"The Veil" is one of the central pieces in Du Bois' "The Souls of Black Folk." Lauded in American history and sociology for its symbolic importance, the veil is a predominant theme throughout the book. This veil separated black and white populations and made it so that only African-Americans existed within the veil. It was from within this veil that the black population (the "Negro") experienced oppression. While it was possible for the Negro to understand life from within the veil and also outside of it, it was not possible for white people to fully understand the oppression experienced by the black race. When young, Du Bois was ignorant to the existence of the Veil; it was not until he was subject to discrimination based on his race that he was able to fully examine life from within it. The Veil, thus, was not only a form of oppression, but also insight into the experience of the Negro. As long as the Negro existed, so did the veil.
The Importance of Education
Throughout the collection of essays, Du Bois places a particular emphasis on the role of education for the African-American. Through education, the African-American (who he refers to as "the Negro") is able to reach empowerment and fight against the existence of the veil. Throughout the institution of slavery, the white man oppressed the African-American. Living in captivity resulted in a loss of the sense of self and in an ability to reach an ultimately idealistic potential. Through the rise of the educated Negro, however, this collective group is able to fight against the white majority.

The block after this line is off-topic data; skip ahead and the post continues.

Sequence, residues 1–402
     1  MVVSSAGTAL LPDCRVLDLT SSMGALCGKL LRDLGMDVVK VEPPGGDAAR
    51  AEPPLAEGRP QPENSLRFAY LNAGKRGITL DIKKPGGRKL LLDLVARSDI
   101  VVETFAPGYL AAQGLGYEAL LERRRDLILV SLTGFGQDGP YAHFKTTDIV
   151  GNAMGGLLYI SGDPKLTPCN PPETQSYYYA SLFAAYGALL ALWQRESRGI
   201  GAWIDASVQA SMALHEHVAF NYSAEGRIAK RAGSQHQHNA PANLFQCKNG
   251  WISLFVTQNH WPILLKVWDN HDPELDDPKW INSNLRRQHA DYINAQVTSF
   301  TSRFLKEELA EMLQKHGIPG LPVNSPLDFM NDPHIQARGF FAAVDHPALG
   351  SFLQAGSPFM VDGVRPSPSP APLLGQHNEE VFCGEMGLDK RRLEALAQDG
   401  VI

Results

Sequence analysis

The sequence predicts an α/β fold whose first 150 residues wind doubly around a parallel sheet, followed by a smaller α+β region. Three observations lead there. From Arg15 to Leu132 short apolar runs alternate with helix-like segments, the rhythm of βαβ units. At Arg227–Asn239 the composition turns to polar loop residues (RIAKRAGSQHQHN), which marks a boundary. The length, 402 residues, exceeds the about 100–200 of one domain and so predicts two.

Duality and "Double Consciousness"
In his essay, "Double Consciousness and the Veil," Du Bois introduces the existence of Double Consciousness, which is a recurring theme throughout every essay. Double consciousness refers to living with two identities: the "Negro" identity, with all of its nuances, and the "American" identity forced upon the Negro upon settling in the United States. The Negro is tasked with merging these two conflicting identities. He can never truly be "just" an American or "just" Negro, for the social condition of the United States does not allow it. The work of literature provides a constant reminder of the difficulties of merging identities for the African-American, particularly in a land that did not necessarily belong to them.
Persistence of Racism
Every story and historical analysis that Du Bois provides in his work of literature is filled with mentions of racial prejudice and the varying degrees of racism afflicted upon the African-American ("Negro") people. During slavery, the African-American was held in captivity due to differences in skin color. After slavery, this system racism developed into a national racism entrenched within the American bureaucratic system. While the Negro was now free, he was not able to achieve ultimate freedom because of all of the injustices presented to him. The Negro was now free, but he could not be educated, he could not work, and he could not achieve wealth. Thus, the persistence of racism resulted in even more oppression that ultimately enslaved the African-American's mind. This thematic presence enabled Du Bois to depict that despite freedom from slavery, the African-American could not achieve actual freedom if racism was not eradicated.